Abstract 11418: Incremental Value of High-Resolution Myocardial Perfusion Cardiovascular Magnetic Resonance Imaging in Patients with Three-Vessel Coronary Artery Disease
Introduction The detection of three-vessel coronary artery disease (3VD) with non-invasive imaging can be challenging due to the effects of balanced ischemia. We hypothesised that high-resolution myocardial perfusion cardiac magnetic resonance (perfusion-CMR) would outperform standard-resolution acquisition for the detection of 3VD.
Methods Twenty-four patients with angiographic 3VD and 24 normal controls underwent stress perfusion-CMR (1.5T Philips Intera) with a standard-resolution method (2.5mm in-plane using two-fold sensitivity encoding - SENSE) and on a separate visit with a high-resolution method (1.3mm in-plane achieved with 8-fold k-t SENSE acceleration) - see figure 1. Two blinded observers visually interpreted the CMR data by grading perfusion in each segment on a 5-point scale (0 = normal; 4 = absent uptake) in a 16-segment model. Segmental scores were summed to produce a perfusion score (0-64) for each patient and a score of ≥4 was considered abnormal.
Results In the 3VD group, high-resolution perfusion-CMR identified more abnormal segments per patient (7.3 ± 3.7 vs. 5.2 ± 3.9; p=0.01), more abnormal territories per patient (2.0 ± 0.9 vs. 1.46 ± 1.0; p=0.02) and a higher overall perfusion score (17.7 ± 8.6 vs. 13.9 ± 10.2; p=0.03). The number of segments with subendocardial ischemia was greater for high-resolution CMR (134 vs. 70 segments; 47% vs. 24%; p <0.0001). On a per patient analysis, the sensitivity, specificity and area under the curve (AUC) for identifying any perfusion defect were similar for both methods (92%, 74% and 0.94 respectively for high-resolution and 79%, 84% and 0.87 for standard-resolution CMR; all p values > 0.05).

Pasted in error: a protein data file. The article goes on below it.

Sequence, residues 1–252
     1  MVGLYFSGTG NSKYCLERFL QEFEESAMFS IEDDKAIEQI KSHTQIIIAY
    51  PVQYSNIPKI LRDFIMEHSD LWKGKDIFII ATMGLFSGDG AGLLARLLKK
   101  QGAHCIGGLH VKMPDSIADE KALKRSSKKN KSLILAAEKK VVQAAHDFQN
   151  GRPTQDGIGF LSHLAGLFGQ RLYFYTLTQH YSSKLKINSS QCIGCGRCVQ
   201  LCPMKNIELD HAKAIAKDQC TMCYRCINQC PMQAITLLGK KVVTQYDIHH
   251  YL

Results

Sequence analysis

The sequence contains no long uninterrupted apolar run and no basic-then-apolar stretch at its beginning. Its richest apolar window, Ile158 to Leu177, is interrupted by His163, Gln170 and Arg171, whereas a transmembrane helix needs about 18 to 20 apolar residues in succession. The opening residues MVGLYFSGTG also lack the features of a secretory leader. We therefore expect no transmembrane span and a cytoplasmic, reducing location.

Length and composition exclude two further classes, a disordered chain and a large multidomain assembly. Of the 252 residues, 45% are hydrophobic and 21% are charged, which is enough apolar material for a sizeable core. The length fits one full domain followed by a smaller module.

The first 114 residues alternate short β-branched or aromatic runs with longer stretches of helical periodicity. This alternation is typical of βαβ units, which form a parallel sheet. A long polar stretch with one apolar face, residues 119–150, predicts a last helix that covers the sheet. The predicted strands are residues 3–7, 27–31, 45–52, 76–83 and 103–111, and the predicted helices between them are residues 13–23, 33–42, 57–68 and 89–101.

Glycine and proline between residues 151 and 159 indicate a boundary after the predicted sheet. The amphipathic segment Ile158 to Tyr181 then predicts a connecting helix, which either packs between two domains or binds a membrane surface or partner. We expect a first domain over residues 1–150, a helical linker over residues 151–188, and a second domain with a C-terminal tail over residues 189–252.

Conclusions In this small study, standard and high-resolution perfusion-CMR had similar diagnostic accuracies for identifying any perfusion abnormality in 3VD. However, high-resolution CMR increased the detection of disease burden by identifying a greater number of segments with subendocardial ischemia.
- © 2011 by American Heart Association, Inc.